Amid such speculation, Mashat surfaced in Vancouver late in the week and, in an interview on CBC TV’s The Journal, denied that he had traded a promise of intelligence or money for quick admission to Canada. “For a long time I was thinking about retirement,” he said. The
war, he added, helped convince him to “start a new life with my family.” But he refused to comment on Hussein’s regime, saying only that “I had some reservations on his policies.” That reluctance to set himself apart from Hussein could result in a cool reception from the Iraqi-Canadian community, particularly among refugees who fled Iraq’s Baathist regime and who are now stuck in a backlog of more than 100,000 claimants waiting to have their applications processed. Abo Sara, who has spent three years in Toronto waiting to obtain landed-immigrant status, told Maclean ’s that it was unfair that Mashat’s application was processed so quickly. And Montreal resident Amer Alroubaie, a 44-year-old Iraqiborn economist, said that most Iraqi-Canadians are surprised that the government helped someone who was so close to Saddam Hussein. “Iraqis here disagree with the government’s decision to let him come,” said Alroubaie. “The majority have no sympathy for this man.”
The man at the centre of the storm is no stranger to life in the West. Bom in 1930 near Baghdad, Mashat earned a master’s degree in criminology at the University of California at Berkeley and a PhD in sociology at the University of Maryland at College Park. During that time, he married his first wife, an American Roman Catholic, with whom he had two children. The marriage ended in divorce in 1972 after the couple had moved to Iraq, and Mashat’s ex-wife and both children returned to the United States. Soon after, Mashat married his current wife, an Iraqi, and they have a 17-year-old son. While in Iraq, Mashat taught at Baghdad University and later became involved in politics while serving the country as undersecretary of education, and of labor and social affairs. During the 1960s, he joined the socialist Baath party and met Hussein. Before his posting to Washington, Mashat had been ambassador to Austria, France and Britain.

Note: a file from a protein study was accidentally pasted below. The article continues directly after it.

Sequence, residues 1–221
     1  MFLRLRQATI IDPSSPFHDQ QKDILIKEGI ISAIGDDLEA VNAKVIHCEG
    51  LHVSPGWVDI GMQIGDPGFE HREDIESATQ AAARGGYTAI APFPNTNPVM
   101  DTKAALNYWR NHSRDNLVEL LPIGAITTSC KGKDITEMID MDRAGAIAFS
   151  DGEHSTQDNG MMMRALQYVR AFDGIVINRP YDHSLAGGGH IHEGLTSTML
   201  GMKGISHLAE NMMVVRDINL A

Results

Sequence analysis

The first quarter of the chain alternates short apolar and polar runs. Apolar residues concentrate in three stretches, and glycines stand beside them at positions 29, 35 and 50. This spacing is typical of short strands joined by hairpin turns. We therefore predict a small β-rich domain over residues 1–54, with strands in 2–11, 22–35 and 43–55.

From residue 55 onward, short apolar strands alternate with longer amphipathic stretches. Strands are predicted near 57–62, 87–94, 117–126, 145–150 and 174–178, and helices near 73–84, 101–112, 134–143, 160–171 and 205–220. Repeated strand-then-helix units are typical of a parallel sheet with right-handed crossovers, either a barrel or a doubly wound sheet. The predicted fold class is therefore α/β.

^ At week’s end, it was clear that by f gaining access to Canada as an immi§ grant, Mashat may have played out his ° greatest act of diplomacy. Some observers say that had he requested asylum or refugee status, the former ambassador would have jeopardized the lives of family members still in Iraq. By applying as an immigrant, they say, Mashat was able to avoid publicly denouncing Saddam’s Iraq. But in Toronto, refugee claimant Sara said that such niceties would do Mashat little good if he chose to return to Iraq. “Saddam would kill him right away,” Sara said. “He would make hamburger out of him.” And although Mashat maintains that “I love Iraq,” he has bought a $222,000 house overlooking Vancouver harbor—apparently bent on settling in.
JAMES DEACON with GLEN ALLEN in Ottawa and DAN BURKE in Montreal